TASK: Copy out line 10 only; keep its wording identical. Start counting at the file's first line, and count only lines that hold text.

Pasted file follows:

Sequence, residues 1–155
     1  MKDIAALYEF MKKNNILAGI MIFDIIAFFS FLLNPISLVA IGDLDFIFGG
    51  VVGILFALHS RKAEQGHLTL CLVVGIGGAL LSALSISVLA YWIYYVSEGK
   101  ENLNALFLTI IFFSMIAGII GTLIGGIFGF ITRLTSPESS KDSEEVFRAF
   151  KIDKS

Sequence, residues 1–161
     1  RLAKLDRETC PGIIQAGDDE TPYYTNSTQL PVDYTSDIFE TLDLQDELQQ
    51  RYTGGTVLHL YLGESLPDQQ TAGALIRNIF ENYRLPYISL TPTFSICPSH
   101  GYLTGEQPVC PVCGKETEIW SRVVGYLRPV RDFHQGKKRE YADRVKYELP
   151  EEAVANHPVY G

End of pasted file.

   151  EEAVANHPVY G